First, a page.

“The Prostate Dialogues” is titled to bring to mind the popular and often-performed “The Vagina Monologues.” As empowering and groundbreaking as Eve Ensler’s 1996 anthology of personal stories was, it gave rise to many other similarly titled works over the years, with much of the same approach if not subject matter:
“The Hijabi Monologues”: Created by three University of Chicago masters students at the Center for Middle Eastern Studies in 2006, it was designed for Muslim women to tell their stories. One of its creators, Sahar Ullah calls it “the inverse” of “The Vagina Monologues” in that it takes the most public aspect of a hijabi woman’s identity and uses it to “let the whole woman have a voice.”
“Me Too Monologues”: An annual show about identity, written, performed and produced by members of the Duke University community about life on campus. Begun in 2009, it continues each year with new shows about personal experience that touch on sexuality, class, religion and gender. Last presented in February.
“The Monologues of My Hips”: A dance and theater piece presented in March at the Harold Washington Cultural Center in Chicago honoring “the beauty of women all shapes and sizes by exploring how they see themselves and how the world sees them,” according to the presenting LaNita Joseph Dance & Cultural Center.
“Confessions of a Welfare Mom: The Monologues”: An urban anthology series that allows women from all walks of life to share their personal experiences. Past productions have been staged in Baton Rouge, New Orleans and Atlanta.
“Ruth Draper’s Monologues”: Ruth Draper (1884-1956) was an influential solo dramatic performer who set the stage for solo shows ever since. Four of her 40 or so pieces — as a high society woman, a hostess, a debutante and a poise instructor — were collected in a spring performance by Annette Bening at the Geffen Playhouse in Los Angeles.
“The Outsiders’ Monologues”: A production at Davidson College in North Carolina last month featured 29 pieces written by students and performed by student actors on topics “from education to religion, homosexuality to asexuality and parental absence to family alcoholism,” says the Web site HerCampus.com.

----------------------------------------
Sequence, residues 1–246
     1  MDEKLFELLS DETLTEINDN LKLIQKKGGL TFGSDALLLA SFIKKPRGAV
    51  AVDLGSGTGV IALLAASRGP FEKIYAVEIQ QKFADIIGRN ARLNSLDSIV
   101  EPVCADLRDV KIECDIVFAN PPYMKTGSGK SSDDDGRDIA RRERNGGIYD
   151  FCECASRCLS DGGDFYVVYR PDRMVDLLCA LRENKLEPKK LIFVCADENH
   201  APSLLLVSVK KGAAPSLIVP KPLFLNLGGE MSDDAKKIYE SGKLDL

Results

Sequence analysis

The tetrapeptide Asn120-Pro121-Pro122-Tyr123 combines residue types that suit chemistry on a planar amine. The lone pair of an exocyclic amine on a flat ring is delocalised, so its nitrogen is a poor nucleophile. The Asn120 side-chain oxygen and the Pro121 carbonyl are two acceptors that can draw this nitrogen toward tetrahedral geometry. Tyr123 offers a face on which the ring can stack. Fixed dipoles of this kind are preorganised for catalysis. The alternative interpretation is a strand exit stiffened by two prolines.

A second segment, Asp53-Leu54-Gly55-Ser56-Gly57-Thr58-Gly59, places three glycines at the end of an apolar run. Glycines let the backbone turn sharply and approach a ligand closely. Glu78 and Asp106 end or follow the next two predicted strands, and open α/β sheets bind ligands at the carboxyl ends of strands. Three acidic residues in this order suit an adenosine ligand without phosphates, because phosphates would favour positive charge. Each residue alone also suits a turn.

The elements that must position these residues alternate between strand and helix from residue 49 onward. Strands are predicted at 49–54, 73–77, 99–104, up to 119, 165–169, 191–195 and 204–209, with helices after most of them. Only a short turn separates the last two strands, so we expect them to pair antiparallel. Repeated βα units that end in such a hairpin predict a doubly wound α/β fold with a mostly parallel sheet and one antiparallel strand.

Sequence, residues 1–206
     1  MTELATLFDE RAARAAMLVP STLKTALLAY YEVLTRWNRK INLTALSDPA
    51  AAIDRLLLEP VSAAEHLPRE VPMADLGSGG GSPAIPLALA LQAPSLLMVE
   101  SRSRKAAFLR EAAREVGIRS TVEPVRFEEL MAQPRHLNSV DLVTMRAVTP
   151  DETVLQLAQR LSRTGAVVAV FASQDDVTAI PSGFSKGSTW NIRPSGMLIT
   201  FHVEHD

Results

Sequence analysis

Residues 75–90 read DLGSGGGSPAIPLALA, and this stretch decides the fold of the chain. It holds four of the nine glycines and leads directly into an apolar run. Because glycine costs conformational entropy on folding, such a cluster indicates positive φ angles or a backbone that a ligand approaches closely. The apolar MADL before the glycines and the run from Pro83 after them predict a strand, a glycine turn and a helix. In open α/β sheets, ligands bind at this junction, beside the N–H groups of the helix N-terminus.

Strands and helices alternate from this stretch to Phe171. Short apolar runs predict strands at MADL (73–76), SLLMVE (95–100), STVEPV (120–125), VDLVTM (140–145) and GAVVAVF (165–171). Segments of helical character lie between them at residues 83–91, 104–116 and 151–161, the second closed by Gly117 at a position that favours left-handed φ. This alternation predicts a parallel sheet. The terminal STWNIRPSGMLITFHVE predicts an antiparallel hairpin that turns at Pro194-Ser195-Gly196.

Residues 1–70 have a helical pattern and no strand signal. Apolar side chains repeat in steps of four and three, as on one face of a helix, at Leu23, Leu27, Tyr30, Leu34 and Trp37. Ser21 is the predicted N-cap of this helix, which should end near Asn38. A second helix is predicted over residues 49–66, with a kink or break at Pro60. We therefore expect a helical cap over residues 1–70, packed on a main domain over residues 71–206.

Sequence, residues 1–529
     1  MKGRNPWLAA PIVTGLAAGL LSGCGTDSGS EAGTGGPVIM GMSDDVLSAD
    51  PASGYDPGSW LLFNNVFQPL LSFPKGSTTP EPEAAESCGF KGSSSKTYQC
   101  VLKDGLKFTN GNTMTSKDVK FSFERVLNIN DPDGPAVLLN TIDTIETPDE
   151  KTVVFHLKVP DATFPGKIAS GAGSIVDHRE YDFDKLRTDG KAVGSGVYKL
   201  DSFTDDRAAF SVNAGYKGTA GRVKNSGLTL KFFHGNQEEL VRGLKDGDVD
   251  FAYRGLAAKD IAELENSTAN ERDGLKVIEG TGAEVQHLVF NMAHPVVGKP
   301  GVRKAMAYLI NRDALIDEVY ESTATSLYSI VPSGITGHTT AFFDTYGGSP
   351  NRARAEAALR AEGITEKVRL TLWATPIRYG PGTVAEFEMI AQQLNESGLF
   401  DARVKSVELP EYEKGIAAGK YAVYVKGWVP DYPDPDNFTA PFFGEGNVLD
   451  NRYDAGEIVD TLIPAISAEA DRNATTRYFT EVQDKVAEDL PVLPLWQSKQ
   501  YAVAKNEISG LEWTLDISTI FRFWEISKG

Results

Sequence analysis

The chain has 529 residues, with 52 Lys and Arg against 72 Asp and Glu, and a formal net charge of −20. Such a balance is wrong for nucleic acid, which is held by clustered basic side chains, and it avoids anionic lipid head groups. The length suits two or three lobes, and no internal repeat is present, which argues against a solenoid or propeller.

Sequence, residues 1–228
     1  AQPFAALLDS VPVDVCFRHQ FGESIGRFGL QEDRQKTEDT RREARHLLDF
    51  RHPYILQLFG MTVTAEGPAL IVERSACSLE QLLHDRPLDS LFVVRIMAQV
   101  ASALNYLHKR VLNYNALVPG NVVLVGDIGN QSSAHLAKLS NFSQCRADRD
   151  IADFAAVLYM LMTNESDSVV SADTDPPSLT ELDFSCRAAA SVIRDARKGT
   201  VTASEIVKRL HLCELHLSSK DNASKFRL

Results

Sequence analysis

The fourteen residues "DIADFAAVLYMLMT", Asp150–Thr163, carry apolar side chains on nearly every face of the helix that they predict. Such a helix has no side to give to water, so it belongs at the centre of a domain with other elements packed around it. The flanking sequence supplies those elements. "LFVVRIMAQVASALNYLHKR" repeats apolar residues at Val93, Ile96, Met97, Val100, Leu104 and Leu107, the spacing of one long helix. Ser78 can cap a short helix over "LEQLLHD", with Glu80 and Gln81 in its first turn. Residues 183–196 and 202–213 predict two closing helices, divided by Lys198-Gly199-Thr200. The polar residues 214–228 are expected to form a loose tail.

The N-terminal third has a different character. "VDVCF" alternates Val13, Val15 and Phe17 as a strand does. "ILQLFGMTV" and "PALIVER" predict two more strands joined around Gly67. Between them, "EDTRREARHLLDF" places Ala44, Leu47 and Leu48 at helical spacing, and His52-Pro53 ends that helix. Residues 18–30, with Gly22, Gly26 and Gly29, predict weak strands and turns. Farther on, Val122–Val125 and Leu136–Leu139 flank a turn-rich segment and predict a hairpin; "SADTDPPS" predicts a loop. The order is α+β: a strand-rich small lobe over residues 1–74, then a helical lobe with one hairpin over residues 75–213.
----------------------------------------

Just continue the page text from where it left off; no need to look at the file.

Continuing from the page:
“The Regina Monologues”: The wittiest use of Ensler’s title came from a 2006 West End play by Rebecca Russell and Jenny Wafer about the six wives of Henry VIII, set in the 21st century. (It was also the title of an episode of “The Simpsons” in Season 15.)
“The Gaza Monologues”: In 2010, the Palestinian Ashtar Theatre put together a play using the voices of children from Gaza discussing the 22-day war there that began in December 2008. The script was sent out worldwide and, according to the theater, was performed on Oct. 17, 2010, by more than 1,500 youngsters in more than 50 cities in 36 countries. It has been performed internationally ever since.
“The Deafhood Monologues”: A collection of deaf experiences and stories, presented in American Sign Language. Its next performance is planned in Seattle next month. It was created by Ella Mae Lentz and produced by Deafhood Foundation, an organization based in California.
“The Penis Monologues”: The inevitable answer to Eve Ensler has been used as a title by more than one production. Penn State puts on a parody with that name; its 14th annual edition was staged in February. Chicago writer and filmmaker Messiah Equiano presented his own version with that title in the Windy City earlier this year. But the most attention came to a Broadway production last year that played more like a symposium of ex-NBA stars speaking frankly about their private lives and their privates. A Miami performance in December was filmed for a segment on HBO’s “Real Sports With Bryant Gumbel.”